To get to Swakopmund without Passat (tear), we took Town Hoppers Shuttle Service, which is basically a fourteen passenger van, tightly packed with tourists to the coast. Although we didn't have much space, we had some really awesome talking time, to the discomfort of many of our fellow passengers. We arrived in Swakopmund later that night, and settled in to our living space, the Municipal Bungalows. It was AWESOME. Basically, they have lots of A-frame bungalows, but we were actually in our own little house! We had two bedrooms for the three of us, a little kitchen with a nook, a toilet and a bathroom. It was SO nice after doing lots of camping and staying in bungalows in Etosha where we had separate bathrooms and toilets from our sleeping area. Throughout the week, we ate out at a bunch of different restaurants (DELICIOUS coast food), bought way too many gifts for all of you at home, and basically spent way too much money. But it was a BLAST.
One of the best things that we did during the week was volunteer at an organization called Mondesa Youth Opportunities (MYO). I think I talked about it in my last post about Swakop, but I'll write about it again. During apartheid, Mondesa was one of the townships where they forcibly moved all of the blacks from the area, moving them out of town and in to substandard housing, all together. Today, Mondesa continues to be dominated by the black community of Swakopmund, while the residential areas closer to town and in town itself are predominantly white. While things are getting a little better, things like housing and the education system in Namibia in general is still pretty poor. MYO is an organization that brings students from the government schools to an afterschool program where they take more classes to better prepare them for the world after secondary school, whether it be a university or a job. Now, I definitely have some issues with a program that only takes what they deem to be the most "promising" of the students from the government schools, but our tour guide gave us her reasons for that requirement. MYO has a very limited budget, mainly based on individual donations, and they don't necessarily have the funds to deal with students who need more help. It is an interesting issue, but a place that is definitely doing good for a lot of the students from the government schools in Mondesa. We volunteered there for a couple of days during the week. They had just received a PeaceCorps volunteer for two years, and they had us helping out a bit. I got to play volleyball for two hours with the sports class! It was so much fun. One of the other girls worked in the library, reorganizing some of their books, and another sat in on the dance and music class to get some information for her internship. It was a lot of fun, just hanging out with the kids on our break.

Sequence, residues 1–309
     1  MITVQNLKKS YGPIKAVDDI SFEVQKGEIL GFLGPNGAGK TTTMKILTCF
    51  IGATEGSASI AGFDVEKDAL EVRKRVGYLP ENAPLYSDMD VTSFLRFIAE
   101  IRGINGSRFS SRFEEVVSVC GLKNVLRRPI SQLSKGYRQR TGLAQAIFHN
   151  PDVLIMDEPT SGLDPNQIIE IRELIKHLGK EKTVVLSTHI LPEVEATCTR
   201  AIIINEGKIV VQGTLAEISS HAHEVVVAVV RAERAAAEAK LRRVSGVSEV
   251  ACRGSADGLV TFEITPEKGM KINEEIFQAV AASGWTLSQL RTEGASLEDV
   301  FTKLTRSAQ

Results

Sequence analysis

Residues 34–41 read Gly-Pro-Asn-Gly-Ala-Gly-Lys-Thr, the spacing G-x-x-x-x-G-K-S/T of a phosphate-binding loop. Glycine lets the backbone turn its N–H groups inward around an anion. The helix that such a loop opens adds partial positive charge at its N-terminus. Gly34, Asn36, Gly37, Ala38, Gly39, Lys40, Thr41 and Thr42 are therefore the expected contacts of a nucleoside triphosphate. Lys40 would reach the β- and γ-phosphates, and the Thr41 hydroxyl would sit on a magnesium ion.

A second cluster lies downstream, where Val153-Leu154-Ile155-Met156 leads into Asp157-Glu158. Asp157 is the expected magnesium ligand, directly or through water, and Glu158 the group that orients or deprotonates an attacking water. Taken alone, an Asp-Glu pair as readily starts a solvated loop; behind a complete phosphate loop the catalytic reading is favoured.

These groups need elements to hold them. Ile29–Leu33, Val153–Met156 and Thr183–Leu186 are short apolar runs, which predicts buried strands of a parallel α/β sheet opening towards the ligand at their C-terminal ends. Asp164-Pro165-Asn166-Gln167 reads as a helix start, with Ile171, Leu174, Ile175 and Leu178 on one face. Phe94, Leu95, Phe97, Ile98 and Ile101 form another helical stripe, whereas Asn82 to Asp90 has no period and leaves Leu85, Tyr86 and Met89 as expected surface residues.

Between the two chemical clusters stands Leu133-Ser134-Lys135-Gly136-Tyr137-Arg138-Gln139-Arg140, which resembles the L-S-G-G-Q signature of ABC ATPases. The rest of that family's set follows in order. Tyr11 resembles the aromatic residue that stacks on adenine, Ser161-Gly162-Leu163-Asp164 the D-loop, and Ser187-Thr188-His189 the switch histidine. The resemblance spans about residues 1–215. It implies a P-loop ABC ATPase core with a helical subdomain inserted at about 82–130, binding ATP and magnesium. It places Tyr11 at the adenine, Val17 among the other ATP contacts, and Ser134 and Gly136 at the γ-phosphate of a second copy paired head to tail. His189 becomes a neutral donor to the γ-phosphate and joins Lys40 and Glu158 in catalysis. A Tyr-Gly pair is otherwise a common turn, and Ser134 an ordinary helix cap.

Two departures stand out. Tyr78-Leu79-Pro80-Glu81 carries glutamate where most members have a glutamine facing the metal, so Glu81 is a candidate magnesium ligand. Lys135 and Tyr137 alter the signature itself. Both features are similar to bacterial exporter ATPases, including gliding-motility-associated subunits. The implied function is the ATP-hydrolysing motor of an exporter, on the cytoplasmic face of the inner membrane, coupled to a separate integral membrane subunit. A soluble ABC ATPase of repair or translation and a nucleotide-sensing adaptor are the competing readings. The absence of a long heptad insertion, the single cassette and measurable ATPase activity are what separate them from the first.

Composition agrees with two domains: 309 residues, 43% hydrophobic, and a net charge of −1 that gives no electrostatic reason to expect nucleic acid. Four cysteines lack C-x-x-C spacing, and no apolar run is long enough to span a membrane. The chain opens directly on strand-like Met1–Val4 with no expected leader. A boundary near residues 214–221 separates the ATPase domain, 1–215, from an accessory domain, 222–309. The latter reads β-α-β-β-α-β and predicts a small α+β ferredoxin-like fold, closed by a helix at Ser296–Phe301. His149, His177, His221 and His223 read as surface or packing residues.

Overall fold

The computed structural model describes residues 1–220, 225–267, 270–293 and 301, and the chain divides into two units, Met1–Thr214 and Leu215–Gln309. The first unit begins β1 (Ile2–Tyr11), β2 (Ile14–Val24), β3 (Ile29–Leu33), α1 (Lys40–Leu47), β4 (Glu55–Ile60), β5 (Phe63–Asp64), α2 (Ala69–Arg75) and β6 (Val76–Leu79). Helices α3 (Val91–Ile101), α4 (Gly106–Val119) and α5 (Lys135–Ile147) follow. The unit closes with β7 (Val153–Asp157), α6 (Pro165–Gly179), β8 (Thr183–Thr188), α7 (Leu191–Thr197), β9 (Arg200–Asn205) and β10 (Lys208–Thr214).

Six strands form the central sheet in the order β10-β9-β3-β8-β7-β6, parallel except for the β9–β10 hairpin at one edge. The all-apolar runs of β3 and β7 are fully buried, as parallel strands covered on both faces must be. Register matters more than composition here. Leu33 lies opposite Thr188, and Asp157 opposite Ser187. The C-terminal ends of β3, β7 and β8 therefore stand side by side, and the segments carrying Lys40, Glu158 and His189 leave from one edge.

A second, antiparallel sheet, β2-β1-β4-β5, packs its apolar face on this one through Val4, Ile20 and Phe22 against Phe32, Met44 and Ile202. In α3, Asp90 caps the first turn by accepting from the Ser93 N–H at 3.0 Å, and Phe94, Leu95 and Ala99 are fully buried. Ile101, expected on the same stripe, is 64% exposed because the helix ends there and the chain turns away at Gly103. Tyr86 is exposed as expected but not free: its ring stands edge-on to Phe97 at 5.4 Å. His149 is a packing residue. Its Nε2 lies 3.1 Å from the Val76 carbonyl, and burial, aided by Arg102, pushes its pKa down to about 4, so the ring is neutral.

One of the best moments that I had there happened before we even got started. We got out of the taxi in the middle of Mondesa, and had no idea where we were going. We started out walking in one direction, past towards homes and schools, and could not find MYO. However, we did find a secondary school, so the two other girls went inside to ask where we could find the program, because it is connected to schools. I was standing outside talking to a few kids, when out walks Holland and Nathalie (the two other girls with me from CGE) and a huge group of kids, walking to MYO now that school was out! They offered to walk us to the program. It was awesome, just to talk to them about what they loved about school, what their favorite subjects were, and much more about education from their point of view. It was so great!
Anyway, that was basically our trip. All of your gifts are coming from Swakopmund, because I cleaned out all of the stores there. Just so ya know! Miss you all so much!! LOVE LOVE LOVE.